Academics call removal of ISIS documents by New York Times 'unethical'

After a New York Times report in April revealed journalist Rukmini Callimachi collected thousands of ISIS documents from Iraq, several academics have put forth a petition calling the act of removing the files illegal and unethical.

Petition states Iraqi's safety at risk after sensitive information was published

A report by New York Times journalist Rukmini Callimachi is being criticized by some scholars who argue the decision to remove ISIS-related documents from Iraq was unethical and illegal. (Reuters)
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A New York Times report based on 16,000 pages of ISIS documents is facing backlash over the decision to remove the files from Iraq.

Reporter Rukmini Callimachi discovered the trove of so-called ISIS files with Iraqi troops who told her they burn anything that belongs to the Islamic State. She says officials knew she was removing the documents from the country. 

Several academics have launched a petition against The Times, arguing Callimachi performed an illegal act that now prevents Iraqis from researching and reconciling after years of war.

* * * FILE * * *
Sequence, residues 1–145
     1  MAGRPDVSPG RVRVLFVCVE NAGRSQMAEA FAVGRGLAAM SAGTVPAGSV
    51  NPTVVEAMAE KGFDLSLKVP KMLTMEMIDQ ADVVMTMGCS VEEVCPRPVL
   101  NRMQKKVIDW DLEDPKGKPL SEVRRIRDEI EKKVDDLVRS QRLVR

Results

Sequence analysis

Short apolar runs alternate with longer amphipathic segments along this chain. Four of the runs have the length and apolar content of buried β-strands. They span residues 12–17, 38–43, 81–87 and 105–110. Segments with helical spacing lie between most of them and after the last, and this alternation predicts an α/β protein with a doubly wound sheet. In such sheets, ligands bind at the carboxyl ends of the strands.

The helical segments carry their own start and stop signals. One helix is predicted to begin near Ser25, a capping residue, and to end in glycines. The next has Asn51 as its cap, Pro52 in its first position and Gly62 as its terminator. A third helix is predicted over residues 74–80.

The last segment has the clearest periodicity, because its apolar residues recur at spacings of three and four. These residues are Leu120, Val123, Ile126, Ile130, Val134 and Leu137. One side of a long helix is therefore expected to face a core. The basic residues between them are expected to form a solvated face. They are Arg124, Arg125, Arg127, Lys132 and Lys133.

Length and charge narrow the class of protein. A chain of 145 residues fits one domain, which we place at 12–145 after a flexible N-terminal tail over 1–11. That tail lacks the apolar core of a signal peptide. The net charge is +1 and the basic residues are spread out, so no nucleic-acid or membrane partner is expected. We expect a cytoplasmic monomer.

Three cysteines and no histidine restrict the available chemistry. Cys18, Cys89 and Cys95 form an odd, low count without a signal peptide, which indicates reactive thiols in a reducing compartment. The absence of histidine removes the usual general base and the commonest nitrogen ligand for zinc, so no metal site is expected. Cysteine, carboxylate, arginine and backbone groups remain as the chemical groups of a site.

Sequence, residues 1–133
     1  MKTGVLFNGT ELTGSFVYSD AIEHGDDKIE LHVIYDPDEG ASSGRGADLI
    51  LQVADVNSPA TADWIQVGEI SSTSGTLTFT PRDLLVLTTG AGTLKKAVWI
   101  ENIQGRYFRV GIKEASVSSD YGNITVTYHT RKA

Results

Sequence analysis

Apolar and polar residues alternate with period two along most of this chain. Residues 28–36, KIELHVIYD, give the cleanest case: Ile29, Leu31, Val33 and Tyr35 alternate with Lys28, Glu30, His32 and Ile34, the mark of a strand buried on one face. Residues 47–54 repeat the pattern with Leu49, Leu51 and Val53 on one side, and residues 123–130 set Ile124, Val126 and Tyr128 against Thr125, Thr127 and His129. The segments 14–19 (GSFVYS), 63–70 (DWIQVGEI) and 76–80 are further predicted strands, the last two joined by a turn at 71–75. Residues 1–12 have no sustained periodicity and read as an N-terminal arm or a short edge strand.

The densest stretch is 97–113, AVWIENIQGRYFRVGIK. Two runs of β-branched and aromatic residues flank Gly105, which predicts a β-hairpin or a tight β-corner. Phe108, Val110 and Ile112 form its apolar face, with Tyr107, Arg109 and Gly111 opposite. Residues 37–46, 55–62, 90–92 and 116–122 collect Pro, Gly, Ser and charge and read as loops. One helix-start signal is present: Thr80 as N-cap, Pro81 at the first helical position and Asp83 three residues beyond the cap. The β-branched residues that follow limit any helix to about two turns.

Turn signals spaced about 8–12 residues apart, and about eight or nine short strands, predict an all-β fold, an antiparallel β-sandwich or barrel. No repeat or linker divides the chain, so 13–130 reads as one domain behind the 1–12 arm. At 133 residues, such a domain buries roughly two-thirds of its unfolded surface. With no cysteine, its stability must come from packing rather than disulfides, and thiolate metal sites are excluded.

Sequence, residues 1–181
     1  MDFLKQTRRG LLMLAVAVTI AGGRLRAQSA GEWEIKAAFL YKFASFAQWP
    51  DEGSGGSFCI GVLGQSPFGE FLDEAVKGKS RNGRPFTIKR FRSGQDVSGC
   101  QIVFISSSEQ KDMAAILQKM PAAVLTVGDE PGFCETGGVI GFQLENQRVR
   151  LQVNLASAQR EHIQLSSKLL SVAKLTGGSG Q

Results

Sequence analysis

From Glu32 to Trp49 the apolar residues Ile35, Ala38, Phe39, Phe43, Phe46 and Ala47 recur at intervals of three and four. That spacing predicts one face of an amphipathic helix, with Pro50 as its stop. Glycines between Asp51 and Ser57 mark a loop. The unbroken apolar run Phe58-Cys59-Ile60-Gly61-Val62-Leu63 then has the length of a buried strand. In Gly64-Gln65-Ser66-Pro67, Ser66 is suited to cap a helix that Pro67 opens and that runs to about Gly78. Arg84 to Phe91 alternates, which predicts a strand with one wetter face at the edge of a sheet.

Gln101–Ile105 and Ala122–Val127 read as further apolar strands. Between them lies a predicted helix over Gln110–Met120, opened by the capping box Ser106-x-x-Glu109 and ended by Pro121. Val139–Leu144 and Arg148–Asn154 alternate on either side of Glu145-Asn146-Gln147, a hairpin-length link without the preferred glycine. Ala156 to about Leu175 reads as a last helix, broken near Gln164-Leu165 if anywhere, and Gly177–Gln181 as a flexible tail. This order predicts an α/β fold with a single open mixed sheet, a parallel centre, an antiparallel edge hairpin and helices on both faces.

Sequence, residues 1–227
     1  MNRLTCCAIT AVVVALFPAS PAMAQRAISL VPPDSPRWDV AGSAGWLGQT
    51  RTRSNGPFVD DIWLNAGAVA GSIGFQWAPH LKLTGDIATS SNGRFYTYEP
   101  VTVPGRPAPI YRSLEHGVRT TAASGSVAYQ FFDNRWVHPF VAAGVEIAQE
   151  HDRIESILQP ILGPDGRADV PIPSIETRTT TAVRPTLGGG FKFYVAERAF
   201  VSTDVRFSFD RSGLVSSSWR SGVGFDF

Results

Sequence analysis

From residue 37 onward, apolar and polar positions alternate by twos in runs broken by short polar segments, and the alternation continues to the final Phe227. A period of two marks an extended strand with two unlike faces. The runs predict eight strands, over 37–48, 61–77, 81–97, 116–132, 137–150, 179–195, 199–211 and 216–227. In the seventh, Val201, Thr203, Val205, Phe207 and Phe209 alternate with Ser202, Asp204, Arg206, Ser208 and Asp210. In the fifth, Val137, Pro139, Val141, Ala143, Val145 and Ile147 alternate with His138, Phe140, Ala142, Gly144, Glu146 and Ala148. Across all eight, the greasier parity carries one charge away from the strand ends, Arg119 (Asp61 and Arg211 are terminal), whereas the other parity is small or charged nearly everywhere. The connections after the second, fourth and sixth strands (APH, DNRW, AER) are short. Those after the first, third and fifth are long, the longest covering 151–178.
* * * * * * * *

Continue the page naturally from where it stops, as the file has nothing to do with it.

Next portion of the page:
"The publication and circulation of these files is unethical as they contain sensitive information that may pose direct threats to personal safety and security of Iraqi civilians," the petition states.

The Committee on Academic Freedom of the Middle East Studies Association of North America have also expressed its concern in an open letter.

Middle East analyst Nasser Weddady argues if a digitized copy of the ISIS files was available, Amnesty International and Human Rights Watch could have used this in trials. 1:02

To discuss this issue, The Current's Anna Maria Tremonti spoke with:

  • Sara Farhan, a doctoral candidate of Iraqi history at York University, and co-author of the petition.
  • Nasser Weddady, an independent consultant and analyst specializing in the Middle East and North Africa. He worked alongside Callimachi on the Times's report.
  • Belkis Wille, senior Iraq and Qatar researcher with the Middle East and North Africa Division of Human Rights Watch. She's part of a team that has been watching events unfold in Iraq post-ISIS.

Listen to the full conversation near the top of this page.


This segment was produced by The Current's ​Jessica Linzey, Kristian Jebsen and Noushin Ziafati.

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